Real Time ROI: Whip Mix’s Xcavator

March 21, 2012

The Lab The Lab 2000 Inc. is one of the largest female-owned dental laboratories in the country. Dena Lanier opened this Georgia-based crown and bridge lab in 1995, and Dennis Lanier, CDT, has served as the lab’s General Manager from the beginning. The Lab 2000 has 27 employees. The Product

The Lab

The Lab 2000 Inc. is one of the largest female-owned dental laboratories in the country. Dena Lanier opened this Georgia-based crown and bridge lab in 1995, and Dennis Lanier, CDT, has served as the lab’s General Manager from the beginning. The Lab 2000 has 27 employees.

The Product

Whip Mix’s Xcavator automated divesting unit is designed to drastically reduce and streamline divesting time. Compatible with any vacuum system and small enough to sit on the bench top, it cuts the two most common ring sizes (100 and 200 gram) without damage to the coping or framework. In addition, rings can be cut while still hot, saving even more time. The unit features calibration to ring size to ensure consistent cutting, variable speeds for proper depth of cut and a clear cover to visually monitor the cutting process.

The Results

Dena and Dennis Lanier do a lot of Ivoclar e.max restorations in their lab, and even though milling is an option, they always press theirs for a stronger, more translucent result. The problem? They found their skilled technicians were spending a lot of time hand sandblasting investment off the pressings, taking them away from the work they were hired to do. That all changed a few years ago when Whip Mix introduced the Xcavator automated divesting unit, and the Laniers decided to give it a try.

“In the economy now you can’t have people who are doing odd jobs. You have to have people who are cross-trained,” Dennis Lanier said. “If a skilled technician is sandblasting and doing a lower job, you’re losing money.”

Whip Mix is big on LEAN manufacturing, Dennis Lanier said, and a company representative came to the Lab 2000 to talk about their processes and becoming more efficient. The Xcavator fits into that model perfectly. All of the Lab 2000 employees know how to work this easy-to-use divesting unit, so the skilled technicians don’t have to. Beyond that, the machine does the job quickly and more efficiently than anyone can do by hand. In fact, it completes the job in about half the time as it would take someone to hand sandblast.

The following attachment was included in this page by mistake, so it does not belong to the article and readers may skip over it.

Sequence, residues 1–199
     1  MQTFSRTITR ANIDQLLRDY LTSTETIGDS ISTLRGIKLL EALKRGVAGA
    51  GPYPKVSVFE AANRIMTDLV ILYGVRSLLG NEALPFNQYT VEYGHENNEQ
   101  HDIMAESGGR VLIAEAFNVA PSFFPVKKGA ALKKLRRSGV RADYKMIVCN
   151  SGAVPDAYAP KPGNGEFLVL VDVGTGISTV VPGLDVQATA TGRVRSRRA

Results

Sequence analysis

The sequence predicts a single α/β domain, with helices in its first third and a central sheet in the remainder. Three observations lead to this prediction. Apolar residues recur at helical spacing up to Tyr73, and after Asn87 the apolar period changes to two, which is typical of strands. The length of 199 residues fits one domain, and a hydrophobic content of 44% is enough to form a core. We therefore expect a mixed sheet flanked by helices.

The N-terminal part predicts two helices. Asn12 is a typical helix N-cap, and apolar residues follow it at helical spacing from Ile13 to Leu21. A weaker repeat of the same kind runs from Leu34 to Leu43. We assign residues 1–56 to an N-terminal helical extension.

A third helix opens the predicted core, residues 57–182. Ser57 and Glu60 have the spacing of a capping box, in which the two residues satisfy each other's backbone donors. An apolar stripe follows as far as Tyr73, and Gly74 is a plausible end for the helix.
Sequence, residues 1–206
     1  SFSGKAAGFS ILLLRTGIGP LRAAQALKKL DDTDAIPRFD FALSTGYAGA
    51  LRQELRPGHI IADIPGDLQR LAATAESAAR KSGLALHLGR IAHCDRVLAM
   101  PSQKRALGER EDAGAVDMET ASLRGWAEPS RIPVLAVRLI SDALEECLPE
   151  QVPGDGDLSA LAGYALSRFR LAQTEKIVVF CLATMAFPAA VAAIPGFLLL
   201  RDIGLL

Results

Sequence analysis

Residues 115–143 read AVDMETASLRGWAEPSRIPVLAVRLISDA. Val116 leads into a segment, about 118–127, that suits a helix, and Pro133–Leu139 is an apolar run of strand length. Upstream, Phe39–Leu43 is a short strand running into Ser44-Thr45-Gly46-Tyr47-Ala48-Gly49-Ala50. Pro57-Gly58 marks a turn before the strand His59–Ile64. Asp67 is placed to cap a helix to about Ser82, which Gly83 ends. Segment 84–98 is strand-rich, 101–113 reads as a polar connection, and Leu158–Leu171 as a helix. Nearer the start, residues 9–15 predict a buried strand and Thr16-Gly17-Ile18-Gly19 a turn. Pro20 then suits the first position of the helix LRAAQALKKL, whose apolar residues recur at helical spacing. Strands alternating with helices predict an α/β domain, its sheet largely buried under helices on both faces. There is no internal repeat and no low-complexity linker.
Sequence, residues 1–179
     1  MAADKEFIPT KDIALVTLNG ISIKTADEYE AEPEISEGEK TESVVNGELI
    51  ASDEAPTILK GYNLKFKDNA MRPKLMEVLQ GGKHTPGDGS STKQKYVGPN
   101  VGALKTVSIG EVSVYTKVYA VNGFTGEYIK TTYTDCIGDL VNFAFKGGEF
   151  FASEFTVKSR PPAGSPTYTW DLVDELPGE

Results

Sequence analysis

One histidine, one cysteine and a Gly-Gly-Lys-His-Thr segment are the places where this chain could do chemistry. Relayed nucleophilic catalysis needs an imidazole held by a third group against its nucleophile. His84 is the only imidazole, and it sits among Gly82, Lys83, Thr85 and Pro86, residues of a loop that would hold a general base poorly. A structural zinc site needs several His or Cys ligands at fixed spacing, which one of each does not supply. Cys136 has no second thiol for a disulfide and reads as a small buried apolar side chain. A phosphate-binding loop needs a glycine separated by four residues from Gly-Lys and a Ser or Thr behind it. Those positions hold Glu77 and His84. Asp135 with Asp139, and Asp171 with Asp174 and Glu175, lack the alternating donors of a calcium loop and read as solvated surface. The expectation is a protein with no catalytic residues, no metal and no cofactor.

“It’s basically a supercharged sandblaster, but as you can tell I’m sold on the Xcavator,” he said. “Anytime we can get the machines to help us out with a job better and be more efficient, then I’m on board with it.”

Before the Xcavator, when a hot ring was pulled out of a furnace, it would have to sit and cool before it could be sandblasted, he said. Now, any employee can take the hot ring out, put it in the machine and push the delay button. Eight minutes later it kicks on to divest it.

“It takes one step-pulling it out of the furnace, putting it in the machine, pushing the button and it’s done. The light goes off to show when it’s ready to go,”

Dennis Lanier  said. “It’s a real time savings and it pushes your work through faster. My clients use (on average) 3.1 labs, so everybody uses different labs, but they will be more inclined to use mine if I can push work through quicker. It’s made a big difference with production.”

Not only is using the machine quicker and more efficient than having the technicians sandblasting, it’s cleaner and safer, too, he said. Instead of pressing the traditional way, The Lab 2000 employees just push a button and walk away. And the machine won’t work if the suction isn’t adequate.

The Laniers haven’t had any problems with the unit since they began using it a few years ago. As long as you keep it clean and follow the manufacturer guidelines, this easy-to-use machine will make your lab more efficient, and that means the ability to up your workload. Beyond that, it will help you ensure your technicians are enjoying what they do.

“From an owner point of view, I have to keep my technicians happy and none of them are happy if they’re hand sandblasting,” he said. “That’s the worst job out there. As we get more pressing things that need sandblasting, that would require more of them to do a lesser job. If that machine goes down, I’d have another one in there the next day. I’d have people wanting to leave if I didn’t.”